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Hypnosurgery is the term given to an operation where the patient is sedated using hypnotherapy rather than traditional anaesthetics. Hypnosis for anaesthesia has been used since the 1840s where it was pioneered by the surgeon James Braid. During hypnosurgery, the hypnotherapist helps the patient control their subconscious reflexes so that they do not feel pain in the traditional sense.[citation needed] Patients are aware of sensation as the operation progresses and often describe a tingling or tickling sensation when pain would normally be expected.[citation needed] Hypnosis is used in surgery for pain management, to control spasms in the alimentary canal, during rehabilitation and as anaesthesia during operation.[1]

Hypnosedation, a combination regimen of hypnosis, local injection of analgesics and mild sedation, is more frequently used.[citation needed] The patients—mostly aged or other persons that run an increased risk under general anesthesia—are mildly sedated and brought in a state of increased alertness by having them listen to a story in the operation theatre.[citation needed] Anesthesiologists at the University of Liège in Belgium have performed over 4800 surgical interventions, mainly in ENT and thyroid treatments, over the past 10 years.[2]

The main benefit of hypnosurgery is that there are fewer side effects, and generally a patient can leave hospital sooner than if normal anaesthetics are used.[citation needed] A reduction in blood loss and post-operative nausea have also been recorded.[citation needed]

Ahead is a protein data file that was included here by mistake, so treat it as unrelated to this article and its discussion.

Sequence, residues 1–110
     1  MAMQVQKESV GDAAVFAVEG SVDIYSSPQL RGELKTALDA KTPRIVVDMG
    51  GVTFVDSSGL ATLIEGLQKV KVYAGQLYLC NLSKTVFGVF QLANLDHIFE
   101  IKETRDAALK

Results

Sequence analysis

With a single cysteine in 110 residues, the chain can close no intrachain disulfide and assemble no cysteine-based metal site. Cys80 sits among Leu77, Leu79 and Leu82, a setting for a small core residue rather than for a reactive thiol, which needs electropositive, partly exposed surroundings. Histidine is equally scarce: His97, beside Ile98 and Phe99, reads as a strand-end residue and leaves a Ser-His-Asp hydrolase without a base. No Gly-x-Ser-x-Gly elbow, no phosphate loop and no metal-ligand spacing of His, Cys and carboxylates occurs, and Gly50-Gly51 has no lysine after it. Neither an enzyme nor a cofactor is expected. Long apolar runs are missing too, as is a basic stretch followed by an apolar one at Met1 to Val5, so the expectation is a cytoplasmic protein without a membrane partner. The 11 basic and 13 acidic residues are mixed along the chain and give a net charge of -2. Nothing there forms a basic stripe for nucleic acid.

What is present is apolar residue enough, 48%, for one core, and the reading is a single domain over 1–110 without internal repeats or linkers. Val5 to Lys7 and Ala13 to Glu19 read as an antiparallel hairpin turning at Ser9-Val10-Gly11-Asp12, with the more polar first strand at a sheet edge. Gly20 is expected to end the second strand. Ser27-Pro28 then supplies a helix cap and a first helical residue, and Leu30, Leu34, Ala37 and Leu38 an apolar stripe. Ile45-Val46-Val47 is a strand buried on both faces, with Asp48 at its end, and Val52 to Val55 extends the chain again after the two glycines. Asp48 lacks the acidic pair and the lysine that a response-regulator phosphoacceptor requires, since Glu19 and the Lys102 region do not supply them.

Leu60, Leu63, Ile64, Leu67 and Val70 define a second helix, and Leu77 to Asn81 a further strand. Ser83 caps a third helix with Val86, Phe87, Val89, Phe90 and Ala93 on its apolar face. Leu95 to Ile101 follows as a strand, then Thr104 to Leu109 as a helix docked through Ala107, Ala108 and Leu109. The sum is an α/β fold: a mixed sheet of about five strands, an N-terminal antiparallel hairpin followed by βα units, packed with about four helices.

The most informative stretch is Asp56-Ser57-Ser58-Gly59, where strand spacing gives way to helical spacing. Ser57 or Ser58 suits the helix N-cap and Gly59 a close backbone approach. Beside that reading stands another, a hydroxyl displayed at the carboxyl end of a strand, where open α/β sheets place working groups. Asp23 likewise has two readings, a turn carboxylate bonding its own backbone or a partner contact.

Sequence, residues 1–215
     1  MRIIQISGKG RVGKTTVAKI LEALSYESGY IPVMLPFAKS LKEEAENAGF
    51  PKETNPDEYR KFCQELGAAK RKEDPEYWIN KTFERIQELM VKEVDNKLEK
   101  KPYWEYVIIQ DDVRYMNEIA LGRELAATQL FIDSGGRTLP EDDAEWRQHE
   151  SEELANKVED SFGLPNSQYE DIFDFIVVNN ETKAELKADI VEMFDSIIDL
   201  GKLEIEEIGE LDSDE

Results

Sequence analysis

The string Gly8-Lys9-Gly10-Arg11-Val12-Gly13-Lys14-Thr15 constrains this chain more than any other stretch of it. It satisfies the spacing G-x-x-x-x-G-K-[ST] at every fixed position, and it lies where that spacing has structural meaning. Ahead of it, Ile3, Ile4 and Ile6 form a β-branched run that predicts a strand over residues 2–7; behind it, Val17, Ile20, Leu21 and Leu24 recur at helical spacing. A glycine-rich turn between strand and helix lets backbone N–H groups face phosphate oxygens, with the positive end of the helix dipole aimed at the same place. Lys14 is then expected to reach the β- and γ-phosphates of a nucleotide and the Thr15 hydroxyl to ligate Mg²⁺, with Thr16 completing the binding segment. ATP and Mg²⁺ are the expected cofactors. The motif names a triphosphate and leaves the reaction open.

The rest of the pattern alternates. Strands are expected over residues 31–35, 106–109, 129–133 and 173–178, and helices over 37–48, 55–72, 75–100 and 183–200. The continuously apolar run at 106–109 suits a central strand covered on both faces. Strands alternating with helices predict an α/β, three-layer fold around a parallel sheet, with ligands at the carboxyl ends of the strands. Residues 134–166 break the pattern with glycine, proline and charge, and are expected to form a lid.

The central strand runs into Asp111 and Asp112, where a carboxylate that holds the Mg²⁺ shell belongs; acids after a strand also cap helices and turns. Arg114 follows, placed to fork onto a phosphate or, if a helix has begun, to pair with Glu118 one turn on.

In April 2006, the British television channel More4 broadcast a live hernia hypnosurgery operation.[citation needed]

Post-operative hypnosis[edit]

Hypnosis may also be helpful post-surgery in helping to facilitate faster healing in patients,[3] with one study reporting faster tissue healing in patients who use hypnosis during surgical recovery.[4] Several other studies have shown a psychological link with healing and recovery.[5] In a study of patients up to seven weeks after undergoing a surgical procedure, researchers found greater healing and improvement in patients who had used hypnosis over those who only received supportive attention or standard "standard postoperative care."[1][4]


  1. ^ a b Cedercreutza, Claes (1961). "Hypnosis in surgery". International Journal of Clinical and Experimental Hypnosis 9 (3). doi:10.1080/00207146108409665. 
  2. ^ http://www2.ulg.ac.be/anesrea/
  3. ^ Wobst, Albrecht H. K. (May 2007). "Hypnosis and surgery: Past, present, and future". Anesthesia & Analgesia 104 (5): 1199–1208. doi:10.1213/01.ane.0000260616.49050.6d. 
  4. ^ a b Shine, Jerry (2003). "Hypnosis Heals". Harvard Magazine. Retrieved June 16, 2013. 
  5. ^ Bowers, Kenneth S. (November 1979). "Hypnosis and healing". Australian Journal of Clinical & Experimental Hypnosis 7 (3): 261–277. 

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